By the time you read this, the noosed and blindfolded Santa might have come down. Some unnamed guy hung him up in front of his house (not his primary residence) on the beach at 50th street. Residents complained (surprise), and the guy cried freedom of speech but promised to take Santa down by tonight. By the time we heard about it, it was too late to rush down there to check it out, so we’re relying on TV coverage, w/r/t which, isn’t it impressive how little it takes to get TV coverage?

Whatever. Get down with our bad self, dude. I’m glad I don’t live next to you, but do what you gotta do, I guess. See you ‘round Easter.

Permalink/Comments

Tuesday December 6, 2005

Ad-hoc radio guide

The problem with the WRLN pledge drive is that even after you give them money, it doesn’t stop. So we present some radio listening tips from your FM dial:

  1. 90.5 when south of downtown, of course. Gimme gimme indie radio.
  2. 92.3 is still a favorite.
  3. 102.7 pop music from the third quarter of the 20th century. It’s important to get your fill of this station now, because their audience isn’t getting any younger, and it’ll probably be gone within a few years.
  4. 103.5 for surprisingly great hip-hop, often with the dirty words left in.
  5. 103.9 plays amazing reggae up in Broward. This morning, they played a new Patra track, then two guys with thick accents and signal-processed voices discussed it. At length. This station is so good it would be worth driving to broward to listen to it.
  6. 105.1 does great tracks about 1:1 with bland MOR-R&B ballads, which can be an effective mix. Plus, don’t they blues every Sunday afternoon?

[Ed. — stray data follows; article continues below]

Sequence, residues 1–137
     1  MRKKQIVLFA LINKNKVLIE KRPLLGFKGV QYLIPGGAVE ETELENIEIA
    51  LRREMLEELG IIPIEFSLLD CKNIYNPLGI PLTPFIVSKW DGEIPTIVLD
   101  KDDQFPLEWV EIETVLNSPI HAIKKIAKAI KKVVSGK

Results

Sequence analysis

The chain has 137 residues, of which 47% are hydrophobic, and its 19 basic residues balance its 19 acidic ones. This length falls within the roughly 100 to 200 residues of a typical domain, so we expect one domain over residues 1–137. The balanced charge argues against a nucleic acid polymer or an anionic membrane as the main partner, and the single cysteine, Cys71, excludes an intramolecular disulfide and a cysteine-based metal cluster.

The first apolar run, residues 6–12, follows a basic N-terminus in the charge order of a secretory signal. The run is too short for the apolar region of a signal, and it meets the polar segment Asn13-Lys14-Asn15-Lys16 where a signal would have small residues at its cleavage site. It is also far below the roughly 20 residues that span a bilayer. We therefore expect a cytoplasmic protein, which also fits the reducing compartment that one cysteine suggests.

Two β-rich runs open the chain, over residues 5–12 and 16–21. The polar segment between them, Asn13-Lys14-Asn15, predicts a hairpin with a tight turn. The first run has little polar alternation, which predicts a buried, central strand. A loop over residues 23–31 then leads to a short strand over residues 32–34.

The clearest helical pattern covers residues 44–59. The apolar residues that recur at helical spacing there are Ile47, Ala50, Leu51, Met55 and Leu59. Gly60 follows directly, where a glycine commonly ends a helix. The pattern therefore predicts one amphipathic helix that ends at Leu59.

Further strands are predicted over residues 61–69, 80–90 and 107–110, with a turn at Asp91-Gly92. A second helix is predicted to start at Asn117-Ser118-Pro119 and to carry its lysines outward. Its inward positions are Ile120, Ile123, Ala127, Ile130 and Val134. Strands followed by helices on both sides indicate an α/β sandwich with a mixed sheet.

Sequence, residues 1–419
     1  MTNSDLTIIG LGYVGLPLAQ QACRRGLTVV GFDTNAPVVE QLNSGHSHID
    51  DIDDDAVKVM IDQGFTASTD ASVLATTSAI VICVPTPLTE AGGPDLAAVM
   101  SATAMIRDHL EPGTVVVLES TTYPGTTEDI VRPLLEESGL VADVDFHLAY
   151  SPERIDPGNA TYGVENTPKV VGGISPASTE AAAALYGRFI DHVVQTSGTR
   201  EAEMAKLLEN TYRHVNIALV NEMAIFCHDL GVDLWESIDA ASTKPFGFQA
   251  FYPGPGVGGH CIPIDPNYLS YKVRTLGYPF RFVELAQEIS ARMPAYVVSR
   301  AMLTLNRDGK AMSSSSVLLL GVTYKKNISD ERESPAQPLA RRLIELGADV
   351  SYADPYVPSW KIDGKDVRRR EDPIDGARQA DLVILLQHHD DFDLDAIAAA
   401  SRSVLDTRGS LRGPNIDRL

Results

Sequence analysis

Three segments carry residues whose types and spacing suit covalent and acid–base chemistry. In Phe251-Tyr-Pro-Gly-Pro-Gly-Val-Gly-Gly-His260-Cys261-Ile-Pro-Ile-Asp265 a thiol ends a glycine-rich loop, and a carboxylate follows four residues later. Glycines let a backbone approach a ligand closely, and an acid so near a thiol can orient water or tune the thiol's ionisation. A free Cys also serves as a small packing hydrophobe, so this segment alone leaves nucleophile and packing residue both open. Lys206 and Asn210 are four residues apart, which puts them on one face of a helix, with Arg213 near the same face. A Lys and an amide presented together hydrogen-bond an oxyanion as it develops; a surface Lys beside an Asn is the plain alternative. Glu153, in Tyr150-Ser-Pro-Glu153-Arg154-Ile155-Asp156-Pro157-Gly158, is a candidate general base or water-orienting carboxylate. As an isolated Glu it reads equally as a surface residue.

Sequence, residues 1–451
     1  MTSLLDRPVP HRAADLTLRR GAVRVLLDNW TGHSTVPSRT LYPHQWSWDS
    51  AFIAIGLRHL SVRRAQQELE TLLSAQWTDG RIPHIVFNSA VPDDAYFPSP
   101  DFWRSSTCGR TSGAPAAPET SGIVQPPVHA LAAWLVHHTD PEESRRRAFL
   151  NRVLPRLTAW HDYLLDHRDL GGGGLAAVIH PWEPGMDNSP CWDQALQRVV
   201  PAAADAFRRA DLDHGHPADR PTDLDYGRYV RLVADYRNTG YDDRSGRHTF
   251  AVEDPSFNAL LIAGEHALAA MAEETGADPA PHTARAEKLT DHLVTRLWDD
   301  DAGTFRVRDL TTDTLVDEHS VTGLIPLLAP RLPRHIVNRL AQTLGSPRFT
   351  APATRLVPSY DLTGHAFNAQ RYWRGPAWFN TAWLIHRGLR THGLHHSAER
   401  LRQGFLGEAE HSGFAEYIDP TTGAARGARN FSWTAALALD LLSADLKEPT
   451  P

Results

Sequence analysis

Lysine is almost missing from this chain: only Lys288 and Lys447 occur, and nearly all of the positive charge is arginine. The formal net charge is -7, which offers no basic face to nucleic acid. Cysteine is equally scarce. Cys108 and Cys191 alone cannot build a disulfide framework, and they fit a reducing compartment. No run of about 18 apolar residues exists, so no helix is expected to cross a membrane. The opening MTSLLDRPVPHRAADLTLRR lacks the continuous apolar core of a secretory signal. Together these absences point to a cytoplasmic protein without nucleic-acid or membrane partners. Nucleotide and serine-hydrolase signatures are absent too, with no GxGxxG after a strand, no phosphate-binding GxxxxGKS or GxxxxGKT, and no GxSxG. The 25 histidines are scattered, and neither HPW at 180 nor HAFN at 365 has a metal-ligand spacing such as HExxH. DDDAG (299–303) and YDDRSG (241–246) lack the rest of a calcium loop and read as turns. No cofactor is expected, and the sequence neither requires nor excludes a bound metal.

7. 105.9 can be fun in small doses. Turn it off after a couple of songs or you’ll become an old white guy with a t-shirt with the sleeves cut off and a gold chain.

I’ve also been scanning the AM dial looking for a talk-radio alternative, but have come up with nothing listenable. It’s interesting to note that, yes, liberal radio can be every bit as irritating as Rush. Good work, guys.

Permalink/Comments

 

Back to regular Tuesday links

Update:

Permalink/Comments

Sunday December 4, 2005

Unfair

Apologies are now overdue to the 90% of our readers who don’t give a rat’s ass about art fairs. Nonetheless, this weekend Critical Miami hit the Basel satellite fairs, and discovered the predictable: a few more gems surrounded by clouds of undifferentiated contemporary art. You can only take in so much in one long weekend, and our aesthetic sensibilities got worn out sometime on Friday. Nonetheless, we have some highlights from the other fairs. Some people will say things like “Nada was much better then Basel,” or “Pulse was the best of the alt-fairs.”

Don’t believe the hype – any gallery that can get into Basel will, so the highest concentration of good shit will always be highest there, with the other fairs each taking their equal share of the rejects, and scoring a share of treasures. A sampling:

At Pulse, Marc Wagner’s collages created entirely from American currency. Note that it is against the law to destroy bills this way, but when the effect is this amazing the feds must be willing to cut slack.

A detail. I might mention that a cup of coffee cost $2 at Pulse, after the relatively gougy $10 entry fee (waived), and that the half and half was all gone. Also, the plywood floors were not funny.

Constance DeJong plays with light. A curved piece of metal reflects light onto a flat surface.

Bernhard Härtter’s paint shelves… you’d think Franklin would enjoy this.